• Algae Control:
    • The best thing you can do to fight algae is to have an “active bog”. This is an area or container (preferably about 10% the size of the pond) where pond water is pumped up from the bottom through a dispersal area (like a French drain, but the opposite) or under a false floor that allows the water to disperse evenly throughout the pond. Above this area use gravel (pea-sized to ¾”) and plant live plants directly in the stones (no dirt). The pond water forced through the stones will be exposed to the roots of the plants. This will feed the plants while robbing the water of nitrate. It is also important to remove nitrate to complete the ammonia cycle (ammonia becomes nitrite, nitrite becomes nitrate, and the plants remove nitrate). Nitrate acts as a natural fertilizer, and if it is not removed by plants it will nourish algae.
    • Sunlight and warmth also aid algae. Therefore, ponds should be deep enough to stay cooler & to dilute the penetration of the sun. Shade also helps.
    • Finally, there is the nutrition that feeds the ammonia cycle and produces the nutrients algae needs to accelerate growth. Overfeeding or overpopulating the pond, or allowing excess organic matter to collect in the pond, leads to a buildup of nutrients in the pond, facilitating algae growth. Clean out filters often so that the trapped dirt doesn’t leach nutrients back into the water, and remove dead organic matter from the water system.
    • Removing organic matter is greatly aided by the regular use of beneficial bacteria. A healthy bacteria colony cycles through dead organic matter quickly, so we recommend using beneficial bacteria regularly. We use Helix Beneficial Bacteria every time we service a pond. This ranges from monthly to weekly (depending on the customer’s maintenance plan).
    • Other water treatment, including those that help deter algae growth, are discussed in the next section.
Practical Garden Ponds Recommended Maintenance Products
Here is a synopsis of the products we recommend and carry in our trucks to use on our maintenance routes:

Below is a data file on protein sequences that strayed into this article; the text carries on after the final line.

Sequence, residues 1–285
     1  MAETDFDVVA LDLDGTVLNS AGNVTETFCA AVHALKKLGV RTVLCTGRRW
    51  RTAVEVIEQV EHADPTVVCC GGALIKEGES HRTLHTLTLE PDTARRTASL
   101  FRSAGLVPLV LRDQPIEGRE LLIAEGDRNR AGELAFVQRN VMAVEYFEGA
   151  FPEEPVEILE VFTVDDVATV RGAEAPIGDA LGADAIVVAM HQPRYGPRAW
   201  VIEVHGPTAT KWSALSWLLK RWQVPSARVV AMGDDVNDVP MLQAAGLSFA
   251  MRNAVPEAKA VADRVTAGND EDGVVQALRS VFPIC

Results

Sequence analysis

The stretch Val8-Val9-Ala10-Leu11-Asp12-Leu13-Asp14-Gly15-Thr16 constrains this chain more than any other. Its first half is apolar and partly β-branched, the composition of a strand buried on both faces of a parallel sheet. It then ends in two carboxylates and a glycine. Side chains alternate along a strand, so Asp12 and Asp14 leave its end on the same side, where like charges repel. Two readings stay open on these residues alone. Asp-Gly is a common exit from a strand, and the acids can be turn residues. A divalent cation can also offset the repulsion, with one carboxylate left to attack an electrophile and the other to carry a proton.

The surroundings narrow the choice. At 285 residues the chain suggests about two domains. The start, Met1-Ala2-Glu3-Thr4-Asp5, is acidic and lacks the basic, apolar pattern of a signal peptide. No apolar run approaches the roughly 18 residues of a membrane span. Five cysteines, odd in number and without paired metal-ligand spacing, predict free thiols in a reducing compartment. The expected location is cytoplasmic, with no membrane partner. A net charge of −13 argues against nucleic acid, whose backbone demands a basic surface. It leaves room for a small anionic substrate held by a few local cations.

• Helix Dry Dechlorinator — dry is much more economical than liquid. The 8-ounce dry container treats 46,000 gallons of water, making it a great value compared to liquid, which treats 8000 gallons. Use dechlorinator whenever adding new city water (chlorinated water) to the pond. Note: use the amount of water added (not the total volume of the pond) to calculate the amount of dechlorinator needed.
  • Helix Beneficial Bacteria Liquid — this fast-acting beneficial bacteria blend includes some strains that cannot live in the dry form. We use this in new starts and urgent situation where ammonia is rising and bacteria is needed instantly.
  • Helix Beneficial Bacteria Dry — this slow-release formula is more cost effective and sustains new bacteria release over a longer period of time. This makes it is ideal for ongoing maintenance. I recommend regular use at least monthly. It may be used much more often and would have benefit being used weekly or even daily in difficult situations.
  • Helix Barley Straw Extract — this extract aids in the retardation of algae growth. It is a preventative more than a cure, so use it as a prophylactic. We use it every time we service a pond. Using it up to once per week is appropriate.
  • Helix Clarifying Minerals  this contains some of the same active ingredient as AlgaeFix (an effective algae control treatment), along with a coagulant or “binder” to make small particles cling together into clumps that can be removed by a filter or can be allowed to sink to the bottom. I have had very good success with this product and have customers who have used it for all kinds of ugly pond issues. Use as needed for clarity problems but do not exceed the listed dosage.
  • Algaecide — use your favorite Algaecide as needed for major algae issues. The downside of any algaecide is that it leaves behind dead organic matter in the pond. Therefore, using beneficial bacteria regularly will enhance the results.
  • Helix Rock and Waterfall Scrubber  we turn off the waterfalls and apply this granular product directly onto algae. Let it sit for 20 minutes, then scrub or rinse off for easy and effective removal. Use when needed.
There is also equipment designed to eliminate specific problems, like UV clarifiers for green water (planktonic algae), but these steps are useful for string algae. If you have specific pond care questions, don’t hesitate to call or email me!